In the UK, minimum wage is calculated for every hour a worker is required to be on site, awake and on duty. Plus, any work-related travelling time. This covers all the duties listed in any fairly typical summer school job description, including:
- Wake up/bed time duties, meal monitoring and supervisory duties, English tuition, afternoon and evening activities, full day or half day excursions and trips, meet and greet on arrival days, airport check-in assistance on departure day.
- Meetings and travelling time to airports or on excursions are also working time. Preparation time does not count unless it’s timetabled.
As a rule of thumb, to be deducted from working time, rest breaks should last at least 20 minutes and staff must be permitted to leave the workplace.
In minimum wage calculations, holiday pay must be deducted, but a maximum of £52.85 a week can be added to offset accommodation.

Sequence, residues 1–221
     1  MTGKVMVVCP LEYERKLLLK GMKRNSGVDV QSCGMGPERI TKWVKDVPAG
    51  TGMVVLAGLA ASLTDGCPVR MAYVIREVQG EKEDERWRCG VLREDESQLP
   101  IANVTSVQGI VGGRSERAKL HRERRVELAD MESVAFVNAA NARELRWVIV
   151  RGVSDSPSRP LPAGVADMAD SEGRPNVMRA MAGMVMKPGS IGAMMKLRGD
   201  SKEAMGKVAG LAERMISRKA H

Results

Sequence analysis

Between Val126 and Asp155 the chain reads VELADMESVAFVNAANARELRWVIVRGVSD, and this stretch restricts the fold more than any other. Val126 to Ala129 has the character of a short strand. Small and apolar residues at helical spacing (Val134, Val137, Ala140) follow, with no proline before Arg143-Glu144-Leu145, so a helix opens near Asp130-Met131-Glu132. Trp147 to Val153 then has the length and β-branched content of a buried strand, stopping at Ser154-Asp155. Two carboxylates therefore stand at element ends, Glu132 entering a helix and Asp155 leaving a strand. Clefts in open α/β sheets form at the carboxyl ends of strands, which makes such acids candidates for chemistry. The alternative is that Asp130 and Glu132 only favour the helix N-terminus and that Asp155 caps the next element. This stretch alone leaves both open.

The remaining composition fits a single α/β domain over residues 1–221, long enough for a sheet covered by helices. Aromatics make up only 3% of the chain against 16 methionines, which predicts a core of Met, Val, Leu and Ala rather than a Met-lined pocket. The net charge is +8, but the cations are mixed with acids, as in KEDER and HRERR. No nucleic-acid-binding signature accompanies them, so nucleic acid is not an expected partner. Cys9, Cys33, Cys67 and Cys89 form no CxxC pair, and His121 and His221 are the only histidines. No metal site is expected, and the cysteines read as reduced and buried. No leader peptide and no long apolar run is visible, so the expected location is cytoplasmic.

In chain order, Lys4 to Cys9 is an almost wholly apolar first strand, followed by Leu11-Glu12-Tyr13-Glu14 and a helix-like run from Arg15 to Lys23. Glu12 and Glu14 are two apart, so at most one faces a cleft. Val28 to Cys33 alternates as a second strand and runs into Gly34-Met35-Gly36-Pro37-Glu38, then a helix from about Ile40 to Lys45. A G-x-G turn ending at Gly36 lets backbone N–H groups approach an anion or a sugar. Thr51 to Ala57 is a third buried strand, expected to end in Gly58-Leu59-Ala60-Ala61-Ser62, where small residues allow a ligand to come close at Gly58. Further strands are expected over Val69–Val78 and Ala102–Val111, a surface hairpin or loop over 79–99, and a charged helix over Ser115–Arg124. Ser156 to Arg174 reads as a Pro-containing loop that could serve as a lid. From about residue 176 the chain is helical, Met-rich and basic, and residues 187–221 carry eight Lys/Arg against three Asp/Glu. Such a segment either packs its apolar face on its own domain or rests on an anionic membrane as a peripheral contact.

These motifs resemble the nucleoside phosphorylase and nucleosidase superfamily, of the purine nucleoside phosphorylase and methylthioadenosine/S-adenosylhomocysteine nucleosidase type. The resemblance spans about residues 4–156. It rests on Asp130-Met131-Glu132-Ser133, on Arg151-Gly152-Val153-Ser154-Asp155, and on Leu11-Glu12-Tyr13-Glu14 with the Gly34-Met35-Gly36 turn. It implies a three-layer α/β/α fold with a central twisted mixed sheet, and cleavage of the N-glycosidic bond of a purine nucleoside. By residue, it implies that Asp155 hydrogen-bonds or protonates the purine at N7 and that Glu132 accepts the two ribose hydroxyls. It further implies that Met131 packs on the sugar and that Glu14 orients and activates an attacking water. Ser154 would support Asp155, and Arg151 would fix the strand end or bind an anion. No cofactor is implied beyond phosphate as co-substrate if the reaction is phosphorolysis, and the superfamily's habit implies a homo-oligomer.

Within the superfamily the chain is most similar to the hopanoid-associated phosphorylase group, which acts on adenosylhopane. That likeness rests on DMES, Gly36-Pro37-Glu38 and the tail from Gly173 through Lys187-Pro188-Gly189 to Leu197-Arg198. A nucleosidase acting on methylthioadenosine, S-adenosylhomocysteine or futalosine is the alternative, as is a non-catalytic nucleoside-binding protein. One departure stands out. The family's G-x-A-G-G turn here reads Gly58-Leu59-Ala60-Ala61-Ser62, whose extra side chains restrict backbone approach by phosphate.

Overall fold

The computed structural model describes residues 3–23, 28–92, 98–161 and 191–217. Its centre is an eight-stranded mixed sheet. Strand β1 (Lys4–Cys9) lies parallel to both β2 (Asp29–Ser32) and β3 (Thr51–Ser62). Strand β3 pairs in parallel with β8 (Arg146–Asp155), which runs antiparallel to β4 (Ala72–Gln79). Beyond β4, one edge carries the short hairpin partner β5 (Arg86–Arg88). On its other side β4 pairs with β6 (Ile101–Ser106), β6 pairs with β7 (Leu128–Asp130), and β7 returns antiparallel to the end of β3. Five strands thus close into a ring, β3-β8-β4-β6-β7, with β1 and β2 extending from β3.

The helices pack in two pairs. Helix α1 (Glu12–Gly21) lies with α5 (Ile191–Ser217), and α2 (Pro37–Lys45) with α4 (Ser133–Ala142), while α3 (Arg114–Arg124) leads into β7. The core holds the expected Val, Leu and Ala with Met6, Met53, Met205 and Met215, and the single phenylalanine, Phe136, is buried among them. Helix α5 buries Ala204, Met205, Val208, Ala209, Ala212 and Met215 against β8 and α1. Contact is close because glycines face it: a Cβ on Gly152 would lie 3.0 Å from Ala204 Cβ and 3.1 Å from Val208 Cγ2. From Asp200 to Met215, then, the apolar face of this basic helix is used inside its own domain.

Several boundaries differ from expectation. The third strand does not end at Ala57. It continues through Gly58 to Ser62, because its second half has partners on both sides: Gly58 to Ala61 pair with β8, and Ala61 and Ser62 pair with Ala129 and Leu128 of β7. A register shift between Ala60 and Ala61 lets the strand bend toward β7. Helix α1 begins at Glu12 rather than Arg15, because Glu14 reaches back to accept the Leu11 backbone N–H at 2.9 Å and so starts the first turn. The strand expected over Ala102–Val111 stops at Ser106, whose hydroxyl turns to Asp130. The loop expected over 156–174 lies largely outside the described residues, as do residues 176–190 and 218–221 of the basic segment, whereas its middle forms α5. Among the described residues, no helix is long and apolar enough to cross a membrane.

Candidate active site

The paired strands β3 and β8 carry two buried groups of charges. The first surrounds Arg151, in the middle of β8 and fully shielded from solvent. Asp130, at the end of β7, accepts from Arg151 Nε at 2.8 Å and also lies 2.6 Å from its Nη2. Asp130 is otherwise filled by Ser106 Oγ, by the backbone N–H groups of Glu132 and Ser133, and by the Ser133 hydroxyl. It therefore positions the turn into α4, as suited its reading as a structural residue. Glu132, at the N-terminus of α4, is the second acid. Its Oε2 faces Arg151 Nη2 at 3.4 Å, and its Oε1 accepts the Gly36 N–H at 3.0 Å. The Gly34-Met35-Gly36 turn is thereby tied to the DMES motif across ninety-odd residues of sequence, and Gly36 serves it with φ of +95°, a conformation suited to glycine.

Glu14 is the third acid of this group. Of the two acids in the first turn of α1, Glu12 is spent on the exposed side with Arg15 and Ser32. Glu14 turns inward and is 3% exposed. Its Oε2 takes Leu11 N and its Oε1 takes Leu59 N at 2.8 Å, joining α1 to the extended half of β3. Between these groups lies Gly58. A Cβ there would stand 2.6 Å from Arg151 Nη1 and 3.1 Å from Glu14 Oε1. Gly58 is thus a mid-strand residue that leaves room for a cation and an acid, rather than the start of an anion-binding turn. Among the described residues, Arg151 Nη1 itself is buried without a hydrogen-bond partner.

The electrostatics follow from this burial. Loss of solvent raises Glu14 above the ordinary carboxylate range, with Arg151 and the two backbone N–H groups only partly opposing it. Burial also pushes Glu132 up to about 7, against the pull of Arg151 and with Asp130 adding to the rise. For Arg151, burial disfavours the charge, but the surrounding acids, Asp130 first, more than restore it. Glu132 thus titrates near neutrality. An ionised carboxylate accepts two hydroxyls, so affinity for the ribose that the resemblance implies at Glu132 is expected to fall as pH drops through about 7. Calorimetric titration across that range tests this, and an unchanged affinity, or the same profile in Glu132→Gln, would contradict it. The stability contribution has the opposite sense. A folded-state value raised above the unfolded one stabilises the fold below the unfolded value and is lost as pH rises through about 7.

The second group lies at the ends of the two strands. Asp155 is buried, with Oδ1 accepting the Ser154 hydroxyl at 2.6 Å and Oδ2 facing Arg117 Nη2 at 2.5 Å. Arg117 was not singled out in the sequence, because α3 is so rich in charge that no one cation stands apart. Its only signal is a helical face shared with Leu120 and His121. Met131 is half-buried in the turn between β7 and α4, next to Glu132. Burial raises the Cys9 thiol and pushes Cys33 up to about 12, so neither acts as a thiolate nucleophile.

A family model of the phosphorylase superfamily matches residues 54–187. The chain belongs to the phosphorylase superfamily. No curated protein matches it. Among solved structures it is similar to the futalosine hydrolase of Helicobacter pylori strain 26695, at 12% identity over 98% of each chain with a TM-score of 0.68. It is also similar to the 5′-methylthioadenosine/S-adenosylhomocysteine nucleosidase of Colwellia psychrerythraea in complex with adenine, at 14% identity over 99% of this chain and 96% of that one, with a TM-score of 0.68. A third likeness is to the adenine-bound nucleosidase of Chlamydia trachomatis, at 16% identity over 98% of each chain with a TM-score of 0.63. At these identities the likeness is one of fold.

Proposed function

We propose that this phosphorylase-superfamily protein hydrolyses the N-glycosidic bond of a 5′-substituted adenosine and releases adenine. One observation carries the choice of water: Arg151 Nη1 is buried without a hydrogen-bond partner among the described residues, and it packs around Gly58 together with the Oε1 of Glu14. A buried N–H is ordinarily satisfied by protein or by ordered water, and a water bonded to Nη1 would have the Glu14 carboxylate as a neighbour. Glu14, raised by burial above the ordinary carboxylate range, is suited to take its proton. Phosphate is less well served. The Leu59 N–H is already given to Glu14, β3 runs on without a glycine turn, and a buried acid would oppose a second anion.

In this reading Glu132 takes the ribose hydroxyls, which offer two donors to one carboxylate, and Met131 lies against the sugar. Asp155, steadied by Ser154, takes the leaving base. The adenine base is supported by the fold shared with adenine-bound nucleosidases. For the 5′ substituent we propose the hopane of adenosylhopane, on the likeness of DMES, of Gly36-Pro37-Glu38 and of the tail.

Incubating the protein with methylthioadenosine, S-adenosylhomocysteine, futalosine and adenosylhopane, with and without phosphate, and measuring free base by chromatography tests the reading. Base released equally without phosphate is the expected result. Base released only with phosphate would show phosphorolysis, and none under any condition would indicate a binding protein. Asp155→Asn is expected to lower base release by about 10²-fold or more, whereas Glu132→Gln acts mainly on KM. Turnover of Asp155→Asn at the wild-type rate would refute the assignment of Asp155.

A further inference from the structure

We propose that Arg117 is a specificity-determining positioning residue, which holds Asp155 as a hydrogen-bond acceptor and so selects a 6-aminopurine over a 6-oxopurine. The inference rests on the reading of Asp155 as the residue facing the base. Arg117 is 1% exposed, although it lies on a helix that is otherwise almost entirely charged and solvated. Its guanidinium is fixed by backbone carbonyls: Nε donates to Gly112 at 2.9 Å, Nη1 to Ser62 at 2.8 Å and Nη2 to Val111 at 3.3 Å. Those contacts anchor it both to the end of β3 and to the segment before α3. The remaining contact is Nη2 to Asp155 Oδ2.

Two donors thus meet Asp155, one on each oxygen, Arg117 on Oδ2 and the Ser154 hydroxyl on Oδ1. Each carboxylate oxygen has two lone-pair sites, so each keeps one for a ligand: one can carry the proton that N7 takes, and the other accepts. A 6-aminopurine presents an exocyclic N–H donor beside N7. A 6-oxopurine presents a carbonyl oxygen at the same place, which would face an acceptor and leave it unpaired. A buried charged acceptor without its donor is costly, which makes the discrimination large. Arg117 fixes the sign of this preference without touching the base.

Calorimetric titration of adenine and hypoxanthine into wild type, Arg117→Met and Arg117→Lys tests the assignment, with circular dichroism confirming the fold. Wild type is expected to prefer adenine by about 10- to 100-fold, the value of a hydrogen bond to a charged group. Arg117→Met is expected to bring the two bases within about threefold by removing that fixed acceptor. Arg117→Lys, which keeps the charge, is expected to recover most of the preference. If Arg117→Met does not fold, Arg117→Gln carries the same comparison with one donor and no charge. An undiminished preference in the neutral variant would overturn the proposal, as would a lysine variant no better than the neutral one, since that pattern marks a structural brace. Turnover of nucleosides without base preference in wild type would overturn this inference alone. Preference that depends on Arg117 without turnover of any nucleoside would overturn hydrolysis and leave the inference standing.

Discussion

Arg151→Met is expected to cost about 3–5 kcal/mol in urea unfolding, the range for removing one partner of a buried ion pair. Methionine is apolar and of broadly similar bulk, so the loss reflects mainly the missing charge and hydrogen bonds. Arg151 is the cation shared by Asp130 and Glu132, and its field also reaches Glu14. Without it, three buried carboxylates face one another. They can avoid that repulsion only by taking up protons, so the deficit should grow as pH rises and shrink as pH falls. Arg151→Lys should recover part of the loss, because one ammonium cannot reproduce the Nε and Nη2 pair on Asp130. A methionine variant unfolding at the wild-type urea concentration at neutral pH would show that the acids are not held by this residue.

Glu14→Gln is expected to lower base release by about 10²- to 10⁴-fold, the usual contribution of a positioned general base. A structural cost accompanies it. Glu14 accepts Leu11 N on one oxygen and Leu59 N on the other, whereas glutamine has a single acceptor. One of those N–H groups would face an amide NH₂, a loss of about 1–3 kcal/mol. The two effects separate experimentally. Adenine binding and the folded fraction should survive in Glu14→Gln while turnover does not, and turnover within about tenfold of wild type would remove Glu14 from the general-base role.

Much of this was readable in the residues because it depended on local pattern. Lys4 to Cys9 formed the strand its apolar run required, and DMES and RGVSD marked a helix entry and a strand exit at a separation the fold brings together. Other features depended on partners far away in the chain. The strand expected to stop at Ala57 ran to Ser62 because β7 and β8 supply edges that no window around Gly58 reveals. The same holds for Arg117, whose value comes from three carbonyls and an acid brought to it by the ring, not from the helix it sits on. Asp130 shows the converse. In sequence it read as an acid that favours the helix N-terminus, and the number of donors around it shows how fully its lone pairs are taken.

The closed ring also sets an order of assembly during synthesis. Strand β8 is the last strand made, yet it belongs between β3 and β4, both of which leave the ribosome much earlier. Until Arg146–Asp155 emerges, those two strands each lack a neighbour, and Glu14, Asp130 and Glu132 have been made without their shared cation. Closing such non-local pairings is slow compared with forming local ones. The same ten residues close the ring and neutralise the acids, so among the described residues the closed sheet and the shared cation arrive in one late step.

Minimum pay is currently £8.21 an hour for those aged 25 and over, and £7.83 for those between 21 and 24.
To calculate how many duty hours can legally be expected from a residential worker, take the weekly wage net of holiday pay and before accommodation, say £400, and add £52.85 to give you the total.
Divide the total, £452.85, by the minimum hour rate. That give you 55 hours and 12 minutes for staff aged 25 or over, but 57 hours 50 minutes for those under 25.